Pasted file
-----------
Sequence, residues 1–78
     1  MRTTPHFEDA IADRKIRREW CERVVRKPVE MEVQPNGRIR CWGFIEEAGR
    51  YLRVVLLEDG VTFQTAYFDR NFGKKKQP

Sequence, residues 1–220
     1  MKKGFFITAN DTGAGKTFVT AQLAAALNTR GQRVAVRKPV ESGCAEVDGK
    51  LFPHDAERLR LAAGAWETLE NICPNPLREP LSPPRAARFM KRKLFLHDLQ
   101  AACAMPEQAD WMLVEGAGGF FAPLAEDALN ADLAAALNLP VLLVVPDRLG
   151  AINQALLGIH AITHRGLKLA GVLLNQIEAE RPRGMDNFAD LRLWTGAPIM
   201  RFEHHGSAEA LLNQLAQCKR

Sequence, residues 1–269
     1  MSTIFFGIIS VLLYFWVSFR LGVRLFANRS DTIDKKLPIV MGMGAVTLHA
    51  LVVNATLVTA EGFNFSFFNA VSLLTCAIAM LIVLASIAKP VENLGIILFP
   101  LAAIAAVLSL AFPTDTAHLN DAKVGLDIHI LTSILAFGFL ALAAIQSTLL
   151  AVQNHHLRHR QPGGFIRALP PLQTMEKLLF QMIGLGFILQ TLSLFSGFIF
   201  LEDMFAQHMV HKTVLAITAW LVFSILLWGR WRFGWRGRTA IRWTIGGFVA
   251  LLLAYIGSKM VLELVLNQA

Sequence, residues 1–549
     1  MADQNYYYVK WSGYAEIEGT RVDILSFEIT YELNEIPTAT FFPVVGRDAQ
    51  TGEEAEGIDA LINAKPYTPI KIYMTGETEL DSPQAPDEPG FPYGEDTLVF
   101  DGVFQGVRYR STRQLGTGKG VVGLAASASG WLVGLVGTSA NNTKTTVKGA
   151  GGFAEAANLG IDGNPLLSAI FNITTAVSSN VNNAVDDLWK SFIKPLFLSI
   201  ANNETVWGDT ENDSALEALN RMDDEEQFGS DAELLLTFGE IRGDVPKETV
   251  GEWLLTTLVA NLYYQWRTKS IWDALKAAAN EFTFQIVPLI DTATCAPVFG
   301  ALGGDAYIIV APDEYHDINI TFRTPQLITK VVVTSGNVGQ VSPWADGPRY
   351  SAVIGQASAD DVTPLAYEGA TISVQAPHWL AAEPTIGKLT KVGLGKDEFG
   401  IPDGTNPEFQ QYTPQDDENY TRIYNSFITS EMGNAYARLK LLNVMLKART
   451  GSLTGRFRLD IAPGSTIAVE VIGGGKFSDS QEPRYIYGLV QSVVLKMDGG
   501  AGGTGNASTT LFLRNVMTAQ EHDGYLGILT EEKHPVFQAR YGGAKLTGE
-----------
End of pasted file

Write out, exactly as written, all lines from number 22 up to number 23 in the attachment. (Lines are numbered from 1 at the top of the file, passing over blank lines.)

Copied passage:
   201  ANNETVWGDT ENDSALEALN RMDDEEQFGS DAELLLTFGE IRGDVPKETV
   251  GEWLLTTLVA NLYYQWRTKS IWDALKAAAN EFTFQIVPLI DTATCAPVFG